Sonic Shapes

From realistic foley sounds to over-the-top sci-fi weapons, GameSynth can be used to create a wide range of sounds. In this post, we examine how easy it is to add sound effects to abstract animations or motion designs, especially with the new synchronized video playback!


The video depicts a sequence of geometric shapes in motion. It was decided to characterize them with various tonal sounds.

The first shape is a series of rising lines:

  • A pulse Oscillator and a Sine Bank are used as generators.
  • After modulating their amplitude by a short Envelope (160ms), a soft tonal sound is produced.
  • A Sequencer triggers the generators while also controlling the pitch of the Oscillator, creating an arpeggio. Here, video playback makes it easy to synchronize the events in the Sequencer.
  • An EQ Filter – with a gradually opening frequency – soften the sound while adding some movement.
  • A bit of noise is added by the Degrader, and the final Delay extends the release of the sound, adding more notes to the ones produced by the Sequencer.

The same patch is used when the lines change direction towards the border of the screen, with a couple of changes:

  • A Pitch Shifter is inserted before the Delay to make the sound one octave higher.
  • After the Delay, the signal is split in stereo, each channel going through a Spectral Delay, producing a much wider sound.

Later in the video, we will also have lines going down. That patch follows the same logic:

  • A triangular Oscillator is triggered by a Sequencer, but this time with a descending pitch sequence (it is actually the sequence of the first patch, but inverted).
  • In addition, a Modes module is periodically triggered by a Clock and modulated by Flanger and Chorus modules to generate a chiming sound that emphasizes the motion.
  • The final Spectral Delay helps blending these two layers together.

Tip: It is possible to export the Sequencer’s data in CSV format, which can be opened in a spreadsheet program. Precise editing and reordering of the events and their values becomes much easier.
Alternatively, the GameSynth command line also comes with a function to process a CSV containing a series of notes and convert it into a sequence file that can be loaded by the Sequencer module.


The sound for the spiral’s motion is generated with the following patch:

  • The sound sources are Chaos and Sine Bank modules whose pitches are rising. A Chorus with a low LFO rate adds some modulation to the output of the Sine Bank.
  • An accelerating LFO controls the amplitude of the mixed signal to create the rotating motion.
  • This module is also connected to a Panner, spreading the signal in the stereo field before a pair of Spectral Delays extend the release of the sound.
  • Finally, a Resonator emphasizes frequency bands that blend with the tones of the other patches.


For the popping sound of the crosses, a physical modeling approach was used:

  • Using a Noise module and a very short Envelope, we created a burst that feeds a Comb Filter.
  • By simultaneously triggering the bursts and changing the delay of the Comb Filter with a Sequencer, an arpeggio synchronized to the popping of the crosses was generated.
  • Delay modules complete the patch, producing a stereo effect.


Similar sounds are used for the motion of the squares at the end of the video:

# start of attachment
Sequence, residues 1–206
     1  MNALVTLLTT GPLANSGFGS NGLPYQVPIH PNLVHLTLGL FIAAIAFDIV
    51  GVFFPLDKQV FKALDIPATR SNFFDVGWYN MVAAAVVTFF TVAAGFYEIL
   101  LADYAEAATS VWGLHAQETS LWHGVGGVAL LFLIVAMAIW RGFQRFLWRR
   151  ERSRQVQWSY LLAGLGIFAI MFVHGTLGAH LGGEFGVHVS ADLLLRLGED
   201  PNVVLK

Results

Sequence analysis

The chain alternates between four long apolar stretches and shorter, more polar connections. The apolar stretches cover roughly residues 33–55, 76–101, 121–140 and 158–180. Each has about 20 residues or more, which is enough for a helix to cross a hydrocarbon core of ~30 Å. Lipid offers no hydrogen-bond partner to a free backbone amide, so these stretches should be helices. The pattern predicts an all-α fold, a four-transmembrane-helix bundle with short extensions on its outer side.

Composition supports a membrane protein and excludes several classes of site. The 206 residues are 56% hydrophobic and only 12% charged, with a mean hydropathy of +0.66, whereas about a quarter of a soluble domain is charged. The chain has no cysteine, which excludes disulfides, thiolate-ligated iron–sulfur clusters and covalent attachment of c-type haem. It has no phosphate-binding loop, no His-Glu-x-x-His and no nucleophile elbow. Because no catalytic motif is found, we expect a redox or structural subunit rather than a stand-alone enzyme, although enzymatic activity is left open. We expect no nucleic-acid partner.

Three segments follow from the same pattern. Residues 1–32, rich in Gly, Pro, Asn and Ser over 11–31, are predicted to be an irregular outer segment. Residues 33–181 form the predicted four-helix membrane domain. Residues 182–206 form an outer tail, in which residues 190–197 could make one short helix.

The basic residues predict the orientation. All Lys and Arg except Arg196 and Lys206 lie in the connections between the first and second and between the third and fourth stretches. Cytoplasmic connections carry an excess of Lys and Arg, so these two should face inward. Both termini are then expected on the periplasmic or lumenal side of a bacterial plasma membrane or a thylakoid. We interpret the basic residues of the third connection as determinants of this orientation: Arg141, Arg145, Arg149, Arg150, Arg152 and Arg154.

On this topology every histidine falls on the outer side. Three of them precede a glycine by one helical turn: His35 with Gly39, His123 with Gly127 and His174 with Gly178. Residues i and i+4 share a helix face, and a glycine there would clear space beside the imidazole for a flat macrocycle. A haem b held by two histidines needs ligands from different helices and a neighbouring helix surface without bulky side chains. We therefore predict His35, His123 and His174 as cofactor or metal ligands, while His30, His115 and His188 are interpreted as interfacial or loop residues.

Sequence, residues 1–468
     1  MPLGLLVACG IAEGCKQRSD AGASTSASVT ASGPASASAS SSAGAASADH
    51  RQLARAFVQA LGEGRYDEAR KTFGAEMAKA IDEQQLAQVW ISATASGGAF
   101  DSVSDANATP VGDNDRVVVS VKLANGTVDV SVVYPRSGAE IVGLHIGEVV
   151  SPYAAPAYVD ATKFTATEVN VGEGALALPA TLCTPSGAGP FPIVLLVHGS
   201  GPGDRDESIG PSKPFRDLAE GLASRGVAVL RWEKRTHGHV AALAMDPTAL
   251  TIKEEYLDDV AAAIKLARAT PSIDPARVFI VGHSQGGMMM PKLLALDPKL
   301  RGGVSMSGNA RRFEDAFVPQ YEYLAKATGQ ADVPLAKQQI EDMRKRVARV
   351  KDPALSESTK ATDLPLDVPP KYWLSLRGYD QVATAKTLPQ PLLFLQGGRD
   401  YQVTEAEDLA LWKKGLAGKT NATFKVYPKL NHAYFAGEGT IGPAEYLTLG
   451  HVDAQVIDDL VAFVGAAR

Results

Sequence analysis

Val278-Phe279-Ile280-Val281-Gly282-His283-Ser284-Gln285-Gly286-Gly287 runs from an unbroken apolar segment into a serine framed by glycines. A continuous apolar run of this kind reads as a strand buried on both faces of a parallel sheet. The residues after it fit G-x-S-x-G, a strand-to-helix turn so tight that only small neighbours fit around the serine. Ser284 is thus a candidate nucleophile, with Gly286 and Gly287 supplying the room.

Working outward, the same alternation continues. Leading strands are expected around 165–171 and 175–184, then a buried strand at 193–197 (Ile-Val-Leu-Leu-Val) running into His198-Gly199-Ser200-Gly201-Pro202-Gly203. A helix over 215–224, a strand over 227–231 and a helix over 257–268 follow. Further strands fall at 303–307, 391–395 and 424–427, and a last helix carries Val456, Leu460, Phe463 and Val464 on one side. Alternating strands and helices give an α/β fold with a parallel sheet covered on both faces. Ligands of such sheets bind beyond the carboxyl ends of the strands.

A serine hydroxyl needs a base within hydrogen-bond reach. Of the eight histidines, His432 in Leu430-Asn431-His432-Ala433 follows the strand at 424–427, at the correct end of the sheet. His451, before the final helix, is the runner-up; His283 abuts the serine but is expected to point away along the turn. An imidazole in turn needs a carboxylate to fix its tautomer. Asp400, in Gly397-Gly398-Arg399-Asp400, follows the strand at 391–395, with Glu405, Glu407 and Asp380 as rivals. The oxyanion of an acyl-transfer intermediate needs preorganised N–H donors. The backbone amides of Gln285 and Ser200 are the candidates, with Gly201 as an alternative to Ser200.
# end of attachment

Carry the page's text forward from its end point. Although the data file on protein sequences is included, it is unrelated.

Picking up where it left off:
• Percussive sounds generated by the Modes and Blip modules create the tonal sound marking the appearance of the square.
  • The sound is then synchronized with the image using a Retrigger
  • To accompany the whole movement, a whoosh is generated with a Noise module, filtered with a Biquad Filter and modulated with a Chorus.
  • On another branch of the patch, an EQ Filter modulated by an LFO emphasizes the movement.

Finally, the video concludes with a suction sound:

  • Noise and Noise Bands modules have an Envelope that makes their lowpass and pitch rise and then suddenly drop at the end.
  • This Envelope also controls two EQ Filter modules – one lowpass and one highpass – that progressively open up the sound.
  • A sine Oscillator is also used to match the tone of the whole video.
  • A final Flanger adds a bit of modulation.

Tip: In addition to the video playback feature introduced in GameSynth 2023.1, we also used the new GameSynth API for this project.
Indeed, while doing the final sound editing in Reaper, we ran scripts that connect to the API to render the GameSynth patches directly on the timeline, streamlining the editing process.

Smaller shapes

Patches were also created for the smaller animated shapes appearing on the video:

  • The sound of the bouncing yellow circles was synthesized by a Bubble module and a sine Oscillator.
  • A shaker sound was designed for the yellow and blue spots that slide to the center of the screen. It mixes Noise and Granular Noise modules, the latter filtered to only keep the high frequencies.
  • As for the white curves on the sides, the Whoosh model was put to contribution. The video playback function allowed us to easily replicate the movements seen in the animation when drawing on the Sketch Pad.

Thanks to the ability to synchronize a video with the audio playback or drawing, designing sounds for animations has become even easier in GameSynth. Of course, if you have the original animation files, you can also import the curves directly into GameSynth to drive the sound parameters!

Finally, if modular patching is not your cup of tea, check out DSP Motion and DSP Action which are also extremely well suited for this type of animations.